With 2019/20 marking 120 years since Torquay United AFC’s opening campaign, we continue charting the history of the club, following its formation at the Torre Abbey Hotel on Monday 1st May, 1899.

A promising start under boss John McNeil during 1947/48 had ultimately ended in disappointment, as a dramatic loss of form in the second half of the season left the club to flirt dangerously with the Division 3 (South) re-election places. Their early upward momentum though, did at least provide some hope for better times to come in the months that lay ahead.

10,627 supporters turned up to Plainmoor on the opening day of the season, with the majority heading home happy, following United’s 3-1 victory over Notts County. Those satisfied smiles were nowhere to be seen four days later however, as Torquay were humbled 1-5 away at Ipswich Town . McNeil’s side worked hard to eradicate that memory though, with 1-1 draws away at Walsall, and at home to Town in the return fixture, following soon after.

Joe Rae was the hero of the hour in their next game, as it was his brace that secured a 2-1 triumph in the opening Devon Derby of the season at home to Exeter City on September 4th, before another 1-1 draw, away at Watford, preceded The Magpies’ first home reverse of the season – 0-2 against Bristol Rovers.

Results came in pairs for the team during the next six weeks, with back-to-back wins over Watford (3-1, home) and Newport (2-1, away), followed up by successive 0-4 defeats against Swansea (home) and Reading (away). Following the same pattern, United bounced back to register successes over Bristol City (2-0, away) and Swindon (3-1, home), before setbacks duly followed again at the hands of Brighton (1-3, away) and Southend (0-3, home).

During this spell, a new face had emerged to spearhead Torquay’s front line, and would continue to do so with distinction for the next ten years. With a number of impressive performances for the reserves already under his belt, Ronald Dudley ‘Sammy’ Collins wasted little time in announcing his arrival from Bristol City, as he netted the first goal for his new club against that very club! By the time his two goals clinched a 3-1 away day win at Millwall in early November, Collins had already bagged six goals in his first games, and United’s supporters knew they had a new favourite to pin their hopes on.

Even Sammy’s goals were unable to steer the side back on course during a particularly barren run that would last until the end of the calendar year, with the matches against Aldershot (2-2, home), Leyton Orient (1-3, away), Northampton (0-0, away), Notts County & Bournemouth (both 0-5, away) failing to herald a win, before the latter side’s return visit at Plainmoor saw 1948 brought to a close in the shape of a 1-1 stalemate.

On a more positive note was the news that FA Cup progression into the New Year had been secured, courtesy of a 1-0 away win at Peterborough in Round 1, and a fine 3-1 home victory over Norwich in Round 2. After putting to bed their poor league run in excellent fashion – a 5-1 home thrashing of Walsall – McNeil’s men were in much more confident mood ahead of their 3rd Round clash against Division 2 side Coventry City at Plainmoor. Matching their higher division opponents for the entire game, it was a late goal from Hugh Cameron that gave them advantage they deserved for their efforts, before United playing out the dying stages to record a shock 1-0 win.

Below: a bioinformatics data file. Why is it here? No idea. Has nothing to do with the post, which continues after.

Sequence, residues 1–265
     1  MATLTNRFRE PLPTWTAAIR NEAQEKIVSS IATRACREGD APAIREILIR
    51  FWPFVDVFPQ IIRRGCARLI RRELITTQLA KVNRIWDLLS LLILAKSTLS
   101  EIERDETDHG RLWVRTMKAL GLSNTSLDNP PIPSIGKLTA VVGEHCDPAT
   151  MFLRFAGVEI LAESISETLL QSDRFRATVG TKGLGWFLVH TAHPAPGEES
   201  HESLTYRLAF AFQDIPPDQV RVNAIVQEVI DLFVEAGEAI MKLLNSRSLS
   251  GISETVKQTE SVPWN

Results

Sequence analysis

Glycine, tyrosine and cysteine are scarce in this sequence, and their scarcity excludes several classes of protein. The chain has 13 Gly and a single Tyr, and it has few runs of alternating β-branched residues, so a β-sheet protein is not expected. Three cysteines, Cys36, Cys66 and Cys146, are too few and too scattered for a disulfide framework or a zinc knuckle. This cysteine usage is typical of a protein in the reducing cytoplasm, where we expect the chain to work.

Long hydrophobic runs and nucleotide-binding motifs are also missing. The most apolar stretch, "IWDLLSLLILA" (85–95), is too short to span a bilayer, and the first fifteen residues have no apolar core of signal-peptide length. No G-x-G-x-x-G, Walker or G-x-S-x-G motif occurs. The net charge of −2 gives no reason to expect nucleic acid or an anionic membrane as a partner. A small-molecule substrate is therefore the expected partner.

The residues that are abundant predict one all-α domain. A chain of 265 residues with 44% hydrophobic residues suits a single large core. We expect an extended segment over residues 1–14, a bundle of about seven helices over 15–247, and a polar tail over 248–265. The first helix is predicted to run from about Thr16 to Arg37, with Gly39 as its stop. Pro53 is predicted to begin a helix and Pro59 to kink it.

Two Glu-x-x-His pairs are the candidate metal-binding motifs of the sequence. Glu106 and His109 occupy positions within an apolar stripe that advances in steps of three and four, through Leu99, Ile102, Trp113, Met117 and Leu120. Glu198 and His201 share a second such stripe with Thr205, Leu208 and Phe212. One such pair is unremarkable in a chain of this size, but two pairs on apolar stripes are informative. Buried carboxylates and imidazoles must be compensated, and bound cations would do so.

The excitement at beating a team from the league above – in addition to making the 4th Round for the first time – did initially see their league form suffer, in the form of away defeats at Exeter (0-2) and Bristol Rovers (0-1), prior to the highly anticipated clash with Brentford on January 29th. With a number of United fans travelling to London to support The Magpies for this historic occasion, Torquay put on a excellent display in the fog against another another Division 2 side, before eventually bowing out following a single-goal defeat in the capital.

With only the league left to concentrate on, United alternated between wins and defeats during an inconsistent spell, as a win against Norwich (2-1, home) was followed by defeat at Swansea (1-6, away), with the fixtures against Reading (4-2, home) and Bristol City (0-2, home) following the same pattern. A 1-1 draw at Swindon preceded an identical outcome at home to Brighton, a match in which the Torquay faithful would get their first glimpse of another future Plainmoor legend in action.

Although there was some measure of disappointment when United favourite Charlie Hill left the club for Queens Park Rangers, his departure paved the way for the arrival, initially on loan, of a player that would establish himself as one of the very best to have ever represented the club – Don Mills.

It was therefore no surprise that Mills’ vision, control and distribution sparked an instant upturn in performances, not to mention results, as the side embarked on an end-of-season run of 13 games that yielded 7 wins and just 1 defeat. Forward Jack Conley was one of a number of men to flourish, netting a hat-trick in the 4-0 home win over Newport, before draws with Southend (1-1, away) and Port Vale (0-0, home) paved the way for five successive wins against Milwall (2-1, home), Aldershot (3-1, away), Leyton Orient (7-1, home) and Crystal Palace (1-0 away and 2-0 at home).

Although that excellent spell ended with a 1-3 defeat at Port Vale, two positive results against Northampton (3-0, home) and Norwich (0-0, away) was enough for McNeil’s ever-improving side to clinch 9th position – the highest placing in the club’s 50-year history.